The calm during the storm: how communication tools can minimise disruption to your school community

Most of New Zealand has been battered by storms over the last few weeks, from ice and snow closing roads to rain causing flooding, slips and states of emergency being declared across multiple cities and regions.

Fortunately for schools, a lot of this disruption happened during the school holidays. However, forecasters predict that we will likely experience more wild weather this winter, and with the grounds already saturated, it won’t take much to unsettle things again.

Emergency communications checklist

It is a timely reminder for New Zealand schools to review their communications plans around disruptive weather events, and how they can could impact their school community – such as forced closures or creating dangerous travel conditions. Trying to understand how the the school community reacted to any unscheduled school closures, weather warnings and emergencies is useful:

  1. Did parents understand that texts and emails are also school channels of communication and did not clog the phonelines ringing in?

  2. Was the school able to warn parents about hazards or road closures that could affect their travel time to school?

  3. Did staff understand their responsibilities when flooding made it evident the school needed to close immediately?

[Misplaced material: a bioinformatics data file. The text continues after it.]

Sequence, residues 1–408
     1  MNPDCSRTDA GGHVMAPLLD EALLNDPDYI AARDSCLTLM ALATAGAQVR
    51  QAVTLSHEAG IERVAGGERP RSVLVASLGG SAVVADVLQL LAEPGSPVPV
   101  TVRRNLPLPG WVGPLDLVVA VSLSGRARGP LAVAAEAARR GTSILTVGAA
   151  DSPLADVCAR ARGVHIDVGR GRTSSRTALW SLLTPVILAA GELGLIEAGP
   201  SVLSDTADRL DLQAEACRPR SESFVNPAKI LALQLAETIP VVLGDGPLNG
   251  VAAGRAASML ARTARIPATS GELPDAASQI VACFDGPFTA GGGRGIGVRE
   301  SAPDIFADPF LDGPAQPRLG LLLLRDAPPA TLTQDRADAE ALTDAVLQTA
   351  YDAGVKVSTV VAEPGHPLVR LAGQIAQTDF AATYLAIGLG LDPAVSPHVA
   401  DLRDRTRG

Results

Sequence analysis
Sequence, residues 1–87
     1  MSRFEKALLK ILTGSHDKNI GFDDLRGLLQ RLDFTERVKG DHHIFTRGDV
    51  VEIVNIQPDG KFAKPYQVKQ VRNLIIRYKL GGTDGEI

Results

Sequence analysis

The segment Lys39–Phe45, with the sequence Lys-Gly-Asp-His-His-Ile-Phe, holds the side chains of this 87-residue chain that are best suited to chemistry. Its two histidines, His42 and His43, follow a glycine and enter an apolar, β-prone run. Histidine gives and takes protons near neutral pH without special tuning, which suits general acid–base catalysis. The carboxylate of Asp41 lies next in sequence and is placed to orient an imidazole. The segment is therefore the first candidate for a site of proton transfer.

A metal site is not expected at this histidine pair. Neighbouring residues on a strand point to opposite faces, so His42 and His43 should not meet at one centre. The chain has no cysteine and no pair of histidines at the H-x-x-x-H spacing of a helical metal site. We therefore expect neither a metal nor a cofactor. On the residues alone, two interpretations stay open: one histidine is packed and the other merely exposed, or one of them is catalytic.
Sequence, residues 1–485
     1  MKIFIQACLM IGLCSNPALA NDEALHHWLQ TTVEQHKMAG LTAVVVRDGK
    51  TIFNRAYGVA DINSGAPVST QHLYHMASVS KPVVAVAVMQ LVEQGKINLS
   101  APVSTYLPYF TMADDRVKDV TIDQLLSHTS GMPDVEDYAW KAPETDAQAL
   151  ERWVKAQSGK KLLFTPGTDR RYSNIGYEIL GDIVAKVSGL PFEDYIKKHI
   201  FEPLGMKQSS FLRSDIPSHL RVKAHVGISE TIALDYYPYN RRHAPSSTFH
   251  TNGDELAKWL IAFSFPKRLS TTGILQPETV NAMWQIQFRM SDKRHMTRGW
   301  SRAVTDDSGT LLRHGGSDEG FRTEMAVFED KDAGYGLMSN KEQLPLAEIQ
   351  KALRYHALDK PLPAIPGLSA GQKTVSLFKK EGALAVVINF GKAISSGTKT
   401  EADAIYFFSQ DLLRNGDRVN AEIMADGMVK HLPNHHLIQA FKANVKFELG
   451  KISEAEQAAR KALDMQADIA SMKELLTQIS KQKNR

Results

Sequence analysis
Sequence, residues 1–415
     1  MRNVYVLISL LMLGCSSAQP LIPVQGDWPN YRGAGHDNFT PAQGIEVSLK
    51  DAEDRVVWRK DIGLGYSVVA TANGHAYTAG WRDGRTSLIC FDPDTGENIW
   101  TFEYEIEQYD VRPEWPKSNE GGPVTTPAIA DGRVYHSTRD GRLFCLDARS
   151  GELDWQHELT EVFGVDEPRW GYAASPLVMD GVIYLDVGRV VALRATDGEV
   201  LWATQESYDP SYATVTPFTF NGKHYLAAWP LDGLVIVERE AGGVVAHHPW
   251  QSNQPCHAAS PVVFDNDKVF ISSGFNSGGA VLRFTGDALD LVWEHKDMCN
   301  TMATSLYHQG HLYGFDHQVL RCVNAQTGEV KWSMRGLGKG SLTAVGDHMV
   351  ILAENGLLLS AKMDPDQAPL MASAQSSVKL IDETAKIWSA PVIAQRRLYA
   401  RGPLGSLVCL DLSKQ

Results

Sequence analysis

4. Did the school have reliable technology and processes in place to quickly reassure parents and communicate actions to take?

If you answered no to any of these questions, may need to implement a system that allows you to communicate to your school community in a quick, efficient and cost-effective manner. School administrators need to be the calm during the storm and ease concerns of parents, students and staff by keeping them updated and informed.

To help encourage effortless communication no matter the situation your school is facing, make sure your plan has the following features:

1. Remote access

Having remote access to a contacts list database will allow staff to access contact details immediately, wherever they may be. The easiest way to do this is by having your database accessible online. This way you don’t need to send anyone in to the school to send out a message – you just need access to the internet.

2. The ability to send one mass message

The most efficient way to notify parents of your school’s closure is to send out one mass notification message to a whole database. Sending an e-mail or text message, rather than relying on website notifications or phone trees, will save a lot of time and resources.

3. Delivery reports

Delivery reports are confirmations that show when each parent receives the text or e-mail. This will notify school staff of any parent who hasn’t received the message and alert them to take action to contact them by another communication channel.

4. Parents have confidence the school will contact them

Constantly remind parents that in the event of a school closure, the school will notify them. If parents do not know that they will be contacted by you, many will attempt to call the school to find out what is happening, resulting in the school phone system being inundated with calls and extra stress put on administration staff.

Being prepared now will save you from having even more stress during an already disruptive situation in the future. Click here to learn more about Newlands School’s experience during the Wellington 2016 earthquake and flooding and how they were able to “stomp on the rumours” and confusion at the time by using effective communication tools.

Learn more about school emergency procedures and lessons New Zealand schools have learned, in the white paper ‘Kia Kaha! Staying in control and effectively responding to emergencies at school’.

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